This seems like elementary prudence to me.

Knowing that others are carrying guns has to push toward Condition Orange, particularly if gun instruction is as Baum describes, with nothing on how to fire (or when not to) in a crowd. If more people carry guns, we have to be alert for an incident that could provoke cross-fire from none-too-competent but hyperready civilians.

Condition White would be a thing of the past.

Here’s how Baum’s consciousness changed when he was carrying a weapon:

Moving through a cocktail party with a gun holstered snug against my ribs makes me feel like James Bond—I know something you don’t know!—but it’s socially and physically unpleasant. I have to remember to keep adjusting the drape of my jacket so as not to expose myself, and make sure to get the arms-inside position when hugging a friend so that the hard lump on my hip or under my arm doesn’t give itself away. In some settings my gun feels as big as a toaster oven, and I find myself tense with the expectation of being discovered. What’s more, if there’s a truly comfortable way to carry a gun, I haven’t found it. The revolver’s weight and pressure keep me constantly aware of how quickly and utterly my world could change. Gun carriers tell me that’s exactly the point: at any moment, violence could change anybody’s world. Those who carry guns are the ones prepared to make the change come out in their favor.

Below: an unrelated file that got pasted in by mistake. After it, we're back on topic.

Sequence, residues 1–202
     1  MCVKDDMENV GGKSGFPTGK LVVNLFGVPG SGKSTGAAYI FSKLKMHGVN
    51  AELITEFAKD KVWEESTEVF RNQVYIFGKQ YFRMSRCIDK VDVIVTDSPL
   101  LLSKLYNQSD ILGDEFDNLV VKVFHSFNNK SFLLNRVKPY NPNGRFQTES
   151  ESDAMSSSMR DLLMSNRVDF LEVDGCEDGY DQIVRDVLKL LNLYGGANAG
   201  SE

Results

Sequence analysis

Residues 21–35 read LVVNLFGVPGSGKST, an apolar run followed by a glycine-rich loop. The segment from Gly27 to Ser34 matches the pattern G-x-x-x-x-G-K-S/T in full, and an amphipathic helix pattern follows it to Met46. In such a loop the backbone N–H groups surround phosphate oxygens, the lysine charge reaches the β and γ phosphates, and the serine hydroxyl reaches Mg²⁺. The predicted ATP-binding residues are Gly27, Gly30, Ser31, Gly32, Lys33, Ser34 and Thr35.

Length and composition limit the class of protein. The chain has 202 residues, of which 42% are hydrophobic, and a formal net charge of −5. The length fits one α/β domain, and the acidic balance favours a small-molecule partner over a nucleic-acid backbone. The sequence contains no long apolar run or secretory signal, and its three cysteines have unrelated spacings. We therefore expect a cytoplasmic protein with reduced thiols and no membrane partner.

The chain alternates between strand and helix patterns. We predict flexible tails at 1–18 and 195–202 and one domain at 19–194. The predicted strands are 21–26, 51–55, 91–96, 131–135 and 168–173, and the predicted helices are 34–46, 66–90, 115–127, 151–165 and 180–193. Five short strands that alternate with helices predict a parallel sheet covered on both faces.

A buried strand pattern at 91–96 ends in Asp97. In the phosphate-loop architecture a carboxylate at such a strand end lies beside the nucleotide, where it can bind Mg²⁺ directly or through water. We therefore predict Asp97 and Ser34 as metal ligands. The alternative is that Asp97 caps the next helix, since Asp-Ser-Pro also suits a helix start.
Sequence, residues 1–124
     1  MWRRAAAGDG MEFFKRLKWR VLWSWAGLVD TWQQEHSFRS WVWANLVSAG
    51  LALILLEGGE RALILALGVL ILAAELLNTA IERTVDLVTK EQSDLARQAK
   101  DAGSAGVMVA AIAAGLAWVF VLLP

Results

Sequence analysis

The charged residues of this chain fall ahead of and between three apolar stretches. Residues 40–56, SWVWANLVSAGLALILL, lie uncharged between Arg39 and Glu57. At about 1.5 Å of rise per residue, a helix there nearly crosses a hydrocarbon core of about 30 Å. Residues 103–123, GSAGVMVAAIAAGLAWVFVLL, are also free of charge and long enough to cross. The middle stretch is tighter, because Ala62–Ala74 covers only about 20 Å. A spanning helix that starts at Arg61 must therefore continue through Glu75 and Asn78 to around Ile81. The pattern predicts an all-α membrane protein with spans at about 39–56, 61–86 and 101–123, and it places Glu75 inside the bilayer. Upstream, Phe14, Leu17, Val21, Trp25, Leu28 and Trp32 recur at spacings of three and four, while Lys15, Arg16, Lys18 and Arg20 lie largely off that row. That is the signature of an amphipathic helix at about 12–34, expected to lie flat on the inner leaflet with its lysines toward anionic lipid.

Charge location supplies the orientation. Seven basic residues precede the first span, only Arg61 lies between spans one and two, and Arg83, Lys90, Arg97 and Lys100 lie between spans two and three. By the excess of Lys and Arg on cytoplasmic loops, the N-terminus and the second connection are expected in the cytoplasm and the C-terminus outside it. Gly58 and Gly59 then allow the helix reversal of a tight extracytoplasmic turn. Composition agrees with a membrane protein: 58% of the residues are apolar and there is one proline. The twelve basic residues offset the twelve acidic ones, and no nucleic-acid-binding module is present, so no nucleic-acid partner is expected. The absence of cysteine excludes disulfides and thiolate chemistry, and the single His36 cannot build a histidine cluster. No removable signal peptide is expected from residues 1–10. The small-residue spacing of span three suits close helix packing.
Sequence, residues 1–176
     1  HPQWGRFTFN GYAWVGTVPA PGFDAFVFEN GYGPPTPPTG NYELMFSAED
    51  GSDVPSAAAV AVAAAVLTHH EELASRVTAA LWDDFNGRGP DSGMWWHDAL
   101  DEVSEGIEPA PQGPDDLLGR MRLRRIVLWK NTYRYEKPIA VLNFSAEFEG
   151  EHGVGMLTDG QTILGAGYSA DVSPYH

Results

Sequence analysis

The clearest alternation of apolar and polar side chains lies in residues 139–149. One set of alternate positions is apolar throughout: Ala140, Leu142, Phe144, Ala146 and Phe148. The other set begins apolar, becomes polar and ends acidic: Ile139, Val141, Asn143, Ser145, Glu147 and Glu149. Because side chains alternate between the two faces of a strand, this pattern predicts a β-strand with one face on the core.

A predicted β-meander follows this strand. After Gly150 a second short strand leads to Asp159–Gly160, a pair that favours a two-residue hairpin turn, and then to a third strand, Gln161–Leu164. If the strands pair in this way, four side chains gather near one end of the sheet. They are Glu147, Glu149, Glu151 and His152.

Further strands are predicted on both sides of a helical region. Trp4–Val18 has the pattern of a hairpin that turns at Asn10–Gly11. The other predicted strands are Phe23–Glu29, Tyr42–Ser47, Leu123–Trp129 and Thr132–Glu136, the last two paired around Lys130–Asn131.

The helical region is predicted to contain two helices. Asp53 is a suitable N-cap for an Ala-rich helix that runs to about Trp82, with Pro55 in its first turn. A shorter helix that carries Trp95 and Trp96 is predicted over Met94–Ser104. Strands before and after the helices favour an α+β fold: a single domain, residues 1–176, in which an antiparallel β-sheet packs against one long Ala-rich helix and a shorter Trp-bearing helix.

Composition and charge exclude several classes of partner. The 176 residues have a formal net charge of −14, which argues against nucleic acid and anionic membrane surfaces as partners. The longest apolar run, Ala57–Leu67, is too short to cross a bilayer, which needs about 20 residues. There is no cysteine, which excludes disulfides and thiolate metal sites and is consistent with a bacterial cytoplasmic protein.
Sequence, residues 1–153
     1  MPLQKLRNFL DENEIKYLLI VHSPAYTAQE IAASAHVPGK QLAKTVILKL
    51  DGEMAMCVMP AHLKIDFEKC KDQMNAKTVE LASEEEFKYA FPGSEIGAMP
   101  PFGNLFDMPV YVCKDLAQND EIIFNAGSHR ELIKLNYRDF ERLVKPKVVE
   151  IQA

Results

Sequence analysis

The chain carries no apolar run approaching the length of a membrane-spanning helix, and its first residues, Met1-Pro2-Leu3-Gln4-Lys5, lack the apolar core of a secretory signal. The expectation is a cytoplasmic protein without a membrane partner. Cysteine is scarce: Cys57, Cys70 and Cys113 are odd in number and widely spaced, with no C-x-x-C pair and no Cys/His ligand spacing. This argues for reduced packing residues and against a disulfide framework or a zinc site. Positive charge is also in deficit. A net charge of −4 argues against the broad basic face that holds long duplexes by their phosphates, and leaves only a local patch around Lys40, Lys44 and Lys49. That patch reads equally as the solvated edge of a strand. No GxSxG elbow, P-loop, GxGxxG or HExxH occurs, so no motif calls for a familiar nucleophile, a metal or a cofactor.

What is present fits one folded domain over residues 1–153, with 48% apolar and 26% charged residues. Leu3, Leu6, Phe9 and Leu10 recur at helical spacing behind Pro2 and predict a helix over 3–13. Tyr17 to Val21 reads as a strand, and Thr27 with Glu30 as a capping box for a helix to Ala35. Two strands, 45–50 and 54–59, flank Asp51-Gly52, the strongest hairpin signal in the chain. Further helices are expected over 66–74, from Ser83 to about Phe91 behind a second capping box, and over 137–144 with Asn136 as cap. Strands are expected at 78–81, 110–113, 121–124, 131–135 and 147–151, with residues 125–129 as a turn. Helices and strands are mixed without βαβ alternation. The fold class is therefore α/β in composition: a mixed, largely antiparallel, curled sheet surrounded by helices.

I’m more alert and acute when I’m wearing my gun. If I’m in a restaurant or store, I find myself in my own little movie, glancing at the door when a person walks in and, in a microsecond, evaluating whether a threat has appeared and what my options for response would be—roll left and take cover behind that pillar? On the street, I look people over: Where are his hands? What does his face tell me? I run sequences in my head. If a guy jumps me with a knife, should I throw money to the ground and run? Take two steps back and draw? How about if he has a gun? How will I distract him so I can get the drop? It can be fun. But it can also be exhausting. Some nights I dream gunfight scenarios over and over and wake up bushed.

When he wore his gun openly:

Overall, I felt less safe with the gun openly displayed than with it concealed. I worried that someone would knock me on the back of the head and steal it, or that some genuinely aggressive nutcase would challenge me to draw. Mostly, though, I felt obnoxious. In all likelihood, I was making somebody silently anxious.

That would be me he was making anxious, probably with his anxious body language.

I will probably stop carrying my gun. It’s uncomfortable, distracting, and freaks out my friends; it’s not worth it. I miss Condition White. If I lived in a dangerous place, I might feel different, and I may continue wearing a gun when I travel to such places (at least to the ones that allow it).

From his final paragraph:

From a public-safety standpoint it may matter little that lots of people are carrying guns now, but if accessorizing with firearms becomes truly au courant, the United States will feel like a different place. We’ll be less dreamy and more secretive. We’ll spend more energy watching one another and less on self-obsession. We’ll be a little more on-task, more cognizant of violence and prepared to participate therein.

That’s what someone says who is experienced and comfortable with guns. His concerns about what carrying guns does to human interactions seem to dovetail with mine.

Cross-posted at The Agonist.